Box loom weaving is … interesting, and easy to master.
Here are the steps to doing it.
1. Get a box. The size? Whatever is right for your project.
2. Fold the four lids inward, so they are down inside the box and giving you a sturdy rim all around the top.
3. Reinforce the top rim with duct tape. Whether you use pins or cuts to warp, the duct tape will give you a nice, firm rim.
3. Around the duct taped rim, place a series of straight sewing pins or push pins 1/4″-1/2” or so apart from each other. You should have an odd numbered amount of pins for your weaving to main in the right shed.
An alternative method: make a series of small cuts 1/4″ deep and 1/4″ wide apart from each other. I don’t use this method because it frustrates me that my cuts are never straight.
If you use the push pins, when you warp the box, you can push the heads down firmly to hold the warp in place. Push pins are not practical if you want a narrower sett, unless you stagger their placement.
4. Starting warping on the width of the box, make a loose slip knot and tie it around the first pin to your left. If you feel comfortable doing it on your right, that’s fine, too.
5. Take the warp down the box, under, and up to the first pin on the other side.
6. Pass the warp around two pins, back down, and up. Skip one pin, pass around two and down again. Do this until you have finished warping the box on its width.
7. When you get to the last pin in going up the on the width of the box, pass the yarn around that last pin and around the first pin on the narrow side of the box. Bring it down to the warps that are in place.
8. Unravel a good length of the warp, snip, and thread your big weaving needle. Then, weave this narrow side warp through the width-side warps already in place on the bottom of the box: over-under… until you come to the other narrow side and up.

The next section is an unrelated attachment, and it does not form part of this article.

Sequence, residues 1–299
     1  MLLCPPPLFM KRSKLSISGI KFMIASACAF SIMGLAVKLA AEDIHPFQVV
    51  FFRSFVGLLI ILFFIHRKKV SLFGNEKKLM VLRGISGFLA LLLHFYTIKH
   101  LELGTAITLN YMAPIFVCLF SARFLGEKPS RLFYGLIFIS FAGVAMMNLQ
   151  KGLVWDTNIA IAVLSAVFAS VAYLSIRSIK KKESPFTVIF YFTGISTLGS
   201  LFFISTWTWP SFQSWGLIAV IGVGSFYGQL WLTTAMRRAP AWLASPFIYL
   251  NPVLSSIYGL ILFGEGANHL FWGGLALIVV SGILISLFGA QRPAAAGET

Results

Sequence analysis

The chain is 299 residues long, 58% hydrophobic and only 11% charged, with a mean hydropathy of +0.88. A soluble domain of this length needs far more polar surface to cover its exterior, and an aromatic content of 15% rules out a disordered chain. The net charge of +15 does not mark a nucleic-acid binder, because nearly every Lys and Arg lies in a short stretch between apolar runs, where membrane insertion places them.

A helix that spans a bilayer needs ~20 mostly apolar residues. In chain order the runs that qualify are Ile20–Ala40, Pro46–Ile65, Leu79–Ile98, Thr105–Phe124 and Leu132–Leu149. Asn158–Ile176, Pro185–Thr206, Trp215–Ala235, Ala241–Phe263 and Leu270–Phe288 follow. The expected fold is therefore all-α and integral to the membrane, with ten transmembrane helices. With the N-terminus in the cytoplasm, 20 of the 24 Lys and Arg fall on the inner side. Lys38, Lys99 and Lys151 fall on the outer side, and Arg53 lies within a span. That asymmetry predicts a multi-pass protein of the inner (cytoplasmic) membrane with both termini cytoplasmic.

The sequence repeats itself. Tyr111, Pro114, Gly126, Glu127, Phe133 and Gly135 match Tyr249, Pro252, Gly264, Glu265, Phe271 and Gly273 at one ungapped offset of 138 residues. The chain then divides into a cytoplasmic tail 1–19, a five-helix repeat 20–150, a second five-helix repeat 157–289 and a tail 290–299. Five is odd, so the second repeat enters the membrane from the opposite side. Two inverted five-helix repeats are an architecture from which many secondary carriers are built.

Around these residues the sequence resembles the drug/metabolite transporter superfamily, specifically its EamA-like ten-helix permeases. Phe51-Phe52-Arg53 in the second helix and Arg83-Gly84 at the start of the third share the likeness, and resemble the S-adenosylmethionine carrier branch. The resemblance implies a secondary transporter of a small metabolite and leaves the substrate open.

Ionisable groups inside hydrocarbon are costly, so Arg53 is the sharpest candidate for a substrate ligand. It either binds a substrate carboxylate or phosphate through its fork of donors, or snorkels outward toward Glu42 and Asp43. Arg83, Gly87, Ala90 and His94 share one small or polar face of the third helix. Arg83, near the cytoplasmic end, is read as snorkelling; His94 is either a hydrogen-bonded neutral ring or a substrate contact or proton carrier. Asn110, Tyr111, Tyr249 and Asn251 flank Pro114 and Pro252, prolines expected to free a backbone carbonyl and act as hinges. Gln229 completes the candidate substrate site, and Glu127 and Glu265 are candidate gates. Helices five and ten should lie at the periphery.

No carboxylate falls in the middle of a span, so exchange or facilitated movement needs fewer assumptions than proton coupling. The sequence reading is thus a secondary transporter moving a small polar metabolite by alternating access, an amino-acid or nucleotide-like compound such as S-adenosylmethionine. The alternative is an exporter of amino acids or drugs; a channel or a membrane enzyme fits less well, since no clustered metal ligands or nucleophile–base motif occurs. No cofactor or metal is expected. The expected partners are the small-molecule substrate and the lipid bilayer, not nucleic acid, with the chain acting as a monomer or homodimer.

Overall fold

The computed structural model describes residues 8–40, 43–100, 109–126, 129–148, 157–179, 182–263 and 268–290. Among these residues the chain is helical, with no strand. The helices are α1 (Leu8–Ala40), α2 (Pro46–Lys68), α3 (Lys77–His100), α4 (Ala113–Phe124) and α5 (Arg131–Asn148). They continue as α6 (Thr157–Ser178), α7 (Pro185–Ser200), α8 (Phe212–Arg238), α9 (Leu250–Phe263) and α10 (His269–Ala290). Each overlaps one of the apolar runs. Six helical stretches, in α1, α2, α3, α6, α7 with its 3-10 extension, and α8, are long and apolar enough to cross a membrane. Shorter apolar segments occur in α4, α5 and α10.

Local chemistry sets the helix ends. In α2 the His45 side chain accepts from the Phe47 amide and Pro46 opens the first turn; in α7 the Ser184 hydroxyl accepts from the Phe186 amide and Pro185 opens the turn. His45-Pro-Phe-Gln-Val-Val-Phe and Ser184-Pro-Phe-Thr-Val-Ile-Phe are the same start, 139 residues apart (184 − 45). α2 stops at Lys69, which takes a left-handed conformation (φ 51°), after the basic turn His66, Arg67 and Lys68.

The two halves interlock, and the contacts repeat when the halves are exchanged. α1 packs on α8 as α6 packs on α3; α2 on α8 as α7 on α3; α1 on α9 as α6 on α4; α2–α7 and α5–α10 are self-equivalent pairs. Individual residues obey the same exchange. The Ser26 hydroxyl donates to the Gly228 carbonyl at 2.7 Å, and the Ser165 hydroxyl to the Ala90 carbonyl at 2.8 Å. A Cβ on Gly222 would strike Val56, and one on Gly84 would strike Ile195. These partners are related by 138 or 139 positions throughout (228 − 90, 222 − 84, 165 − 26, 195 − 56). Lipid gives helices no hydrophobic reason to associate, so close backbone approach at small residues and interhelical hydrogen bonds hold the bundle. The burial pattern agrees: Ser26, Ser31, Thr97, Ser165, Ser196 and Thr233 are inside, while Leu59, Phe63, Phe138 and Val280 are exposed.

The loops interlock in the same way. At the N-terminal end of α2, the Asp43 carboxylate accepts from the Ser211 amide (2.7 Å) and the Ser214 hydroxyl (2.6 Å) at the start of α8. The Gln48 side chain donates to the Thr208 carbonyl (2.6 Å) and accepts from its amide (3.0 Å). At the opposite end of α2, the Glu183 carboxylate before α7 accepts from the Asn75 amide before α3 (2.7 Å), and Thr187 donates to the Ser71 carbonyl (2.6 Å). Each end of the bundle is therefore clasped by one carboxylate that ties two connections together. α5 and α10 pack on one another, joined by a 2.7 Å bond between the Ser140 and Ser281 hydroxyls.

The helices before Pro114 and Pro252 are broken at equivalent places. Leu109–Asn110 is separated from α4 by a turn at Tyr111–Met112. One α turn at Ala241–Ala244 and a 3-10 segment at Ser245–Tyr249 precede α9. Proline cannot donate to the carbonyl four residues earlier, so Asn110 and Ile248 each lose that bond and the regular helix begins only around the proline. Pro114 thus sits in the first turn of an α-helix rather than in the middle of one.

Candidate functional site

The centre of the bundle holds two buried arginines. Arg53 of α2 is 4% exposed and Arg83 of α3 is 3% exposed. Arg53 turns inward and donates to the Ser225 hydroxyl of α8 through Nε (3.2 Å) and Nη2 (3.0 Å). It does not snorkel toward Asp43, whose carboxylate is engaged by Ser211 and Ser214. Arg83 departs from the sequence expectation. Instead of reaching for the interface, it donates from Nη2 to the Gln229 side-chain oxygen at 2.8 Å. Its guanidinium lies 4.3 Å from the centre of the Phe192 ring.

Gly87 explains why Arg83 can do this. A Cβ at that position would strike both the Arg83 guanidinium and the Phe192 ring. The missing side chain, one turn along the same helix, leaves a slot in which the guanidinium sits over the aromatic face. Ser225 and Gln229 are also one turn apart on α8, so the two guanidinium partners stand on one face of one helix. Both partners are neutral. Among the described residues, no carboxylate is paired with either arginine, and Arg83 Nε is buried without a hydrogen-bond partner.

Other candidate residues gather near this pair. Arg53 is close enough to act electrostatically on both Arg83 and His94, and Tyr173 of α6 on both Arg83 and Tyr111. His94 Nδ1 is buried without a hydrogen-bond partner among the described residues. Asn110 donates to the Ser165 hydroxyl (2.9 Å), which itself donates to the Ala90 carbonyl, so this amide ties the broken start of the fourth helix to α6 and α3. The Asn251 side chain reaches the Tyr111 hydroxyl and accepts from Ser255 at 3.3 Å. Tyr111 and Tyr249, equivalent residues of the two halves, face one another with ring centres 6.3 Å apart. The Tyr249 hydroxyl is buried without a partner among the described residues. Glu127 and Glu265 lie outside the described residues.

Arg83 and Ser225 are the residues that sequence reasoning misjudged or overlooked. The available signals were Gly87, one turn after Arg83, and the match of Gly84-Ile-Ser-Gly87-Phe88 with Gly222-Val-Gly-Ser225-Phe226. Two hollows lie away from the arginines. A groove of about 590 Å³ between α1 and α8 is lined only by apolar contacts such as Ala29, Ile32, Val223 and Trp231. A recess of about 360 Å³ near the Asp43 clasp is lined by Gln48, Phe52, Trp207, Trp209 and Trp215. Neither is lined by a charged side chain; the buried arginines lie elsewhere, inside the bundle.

9. Use your comb to beat down the warp into a straight line, pull the warp snugly but not too tightly, and drop the needle and warp inside of the book and out of your way.
10. Using a needle-full of whatever weft color you have chosen for the bottom of your box, start weaving in the same shed as the warp you just put in.
11. Complete four passes, which is eight lines up going left and right. Pack your weft in firmly, set the weft needle aside and out of your way.
12. Take the warp needle out of the box, pass the warp around two pins, bring it down, and weave the warp in the same shed as the last weft you wove in. Then up the narrow side, and repeat step 9.
13. Repeat Steps 10-12 until you have finished weaving the bottom of the box, packing down the weft as you go.
14. When the bottom is done, keep weaving to cover the bottom edges of the box to build up the sides to the top of the box.
15. When you get to the 1.5″ from the top of the box, start on your hem. Weave a single row of soumak going all around in one direction. When you return to your starting point, weave another row of soumak s going in the other direction.
16. Weave 1/2” of plain weave in a finer weft to make the hem. This hem is folded in at the double soumak line to be attached to your lining later.
17. Weave tight double soumak knots on each warp to hold the weft in place. See Starting and Ending a Tapestry.
18. You should have between 1/2”-3/4″ of warp between the the double knots and the top of the box. You may either slip the warps off the pins or cut them off. If you cut them off, make sure you have between 1/2”-3/4″ of warp remaining to lock the weft in place using this method.
19. Sew the lining of your bag and attach it to the top hem as you see fit.
20. Either weave a handle or buy a manufactured one to attach as you see fit.
That’s it. You are done. You now have a stylish and unique handwoven bag designed and created by you!